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Barriers to better Alzhemier’s diagnosis must be fixed!

12 Jul 2017

Diagnosis of Alzheimer today can be done more accurately using biomarkers. But tests with biomarkers are not regularly used even at academic memory clinics. The reason is that the validation of these tests is incomplete and therefore is not replaced by the health insurance systems. An agenda of action has been developed by a group of international dementia researchers and has now been published in The Lancet Neurology.

 

fullsizeoutput_ac– We trust that contributors for scientific research, such as the EU’s Joint Program for Neurodegenerative Disease Research (JPND) and Innovative Medicine Initiative (IMI) will address the agenda and use it to call for development and validation of tests with biomarkers, says Swedish Brain Power’s director, Professor Bengt Winblad and one of the leaders of the research team.

 

Alzheimer’s diagnosis today is much more accurate than just 5 or 10 years ago. Then one in three patients was misdiagnosed. Today, with the help of biomarkers, specialists can diagnose Alzheimer’s with an accuracy approaching 100% up to 5 years earlier than before.

 

The reason that these tests have not been adequately validated are, according to the international expert group that worked out the agenda, the lack of coordination between research groups working on the development and validation of biomarkers. Around 50 researchers, of whom several from Swedish Brain Power, gathered in Geneva in 2014 to work out an agenda for what needs to be done to speed up the use of biomarkers in the daily clinical routine.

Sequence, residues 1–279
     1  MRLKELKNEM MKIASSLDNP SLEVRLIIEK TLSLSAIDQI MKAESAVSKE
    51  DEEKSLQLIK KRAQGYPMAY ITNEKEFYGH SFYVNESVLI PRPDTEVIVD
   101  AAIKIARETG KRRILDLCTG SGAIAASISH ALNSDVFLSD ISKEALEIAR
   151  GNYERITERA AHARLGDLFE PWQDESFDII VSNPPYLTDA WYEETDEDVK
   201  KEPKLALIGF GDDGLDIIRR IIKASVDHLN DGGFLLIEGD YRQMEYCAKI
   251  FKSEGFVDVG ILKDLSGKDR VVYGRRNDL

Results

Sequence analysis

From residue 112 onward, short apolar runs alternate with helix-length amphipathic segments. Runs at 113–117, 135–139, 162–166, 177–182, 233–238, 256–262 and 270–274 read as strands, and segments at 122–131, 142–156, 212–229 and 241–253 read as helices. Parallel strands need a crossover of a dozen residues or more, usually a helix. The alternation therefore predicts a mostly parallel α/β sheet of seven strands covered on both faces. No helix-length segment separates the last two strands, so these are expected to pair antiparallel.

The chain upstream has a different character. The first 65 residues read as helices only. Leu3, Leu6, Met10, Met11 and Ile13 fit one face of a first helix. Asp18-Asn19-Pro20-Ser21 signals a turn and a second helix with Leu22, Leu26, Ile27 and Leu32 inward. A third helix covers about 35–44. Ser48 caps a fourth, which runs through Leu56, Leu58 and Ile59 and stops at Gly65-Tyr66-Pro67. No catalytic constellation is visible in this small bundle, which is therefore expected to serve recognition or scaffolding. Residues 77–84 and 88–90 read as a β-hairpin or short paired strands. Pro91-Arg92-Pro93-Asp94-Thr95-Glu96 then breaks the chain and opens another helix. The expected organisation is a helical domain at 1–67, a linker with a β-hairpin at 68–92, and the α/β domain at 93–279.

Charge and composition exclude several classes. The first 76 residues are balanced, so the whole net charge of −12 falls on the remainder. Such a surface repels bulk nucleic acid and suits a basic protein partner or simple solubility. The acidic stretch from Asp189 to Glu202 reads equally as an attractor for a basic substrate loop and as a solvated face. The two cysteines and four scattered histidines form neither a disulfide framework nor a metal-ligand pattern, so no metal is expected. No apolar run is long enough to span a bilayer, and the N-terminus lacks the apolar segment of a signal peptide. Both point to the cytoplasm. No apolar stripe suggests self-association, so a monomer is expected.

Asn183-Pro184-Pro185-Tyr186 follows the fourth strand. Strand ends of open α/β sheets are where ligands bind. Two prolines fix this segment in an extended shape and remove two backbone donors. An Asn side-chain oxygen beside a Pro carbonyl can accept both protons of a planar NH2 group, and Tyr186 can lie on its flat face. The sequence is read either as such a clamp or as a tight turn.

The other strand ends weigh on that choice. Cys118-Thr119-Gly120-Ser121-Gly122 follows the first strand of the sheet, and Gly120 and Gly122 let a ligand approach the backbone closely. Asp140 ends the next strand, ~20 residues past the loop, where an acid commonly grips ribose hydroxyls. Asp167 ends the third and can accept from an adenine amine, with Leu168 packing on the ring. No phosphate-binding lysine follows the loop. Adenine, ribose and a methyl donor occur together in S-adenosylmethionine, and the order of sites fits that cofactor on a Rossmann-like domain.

The massive literature search that the group has made has been published earlier this year in a series of 9 scientific articles in Neurobiology of Aging. It is the groups (The Geneva Task Force for the Roadmap for Alzheimer’s Biomarkers) agenda (aka Geneva roadmap), that now is published in the scientific journal The Lancet Neurology.

 

Co-authors from Swedish Brain Power for the article in The Lancet Neurology are, apart from Bengt Winblad, Agneta Nordberg, Konstantinos Chiotis, Kaj Blennow and Oskar Hansson.

 

Read more here.

 

Link to The Lancet Neurology

 

Link to Neurobiology of Aging

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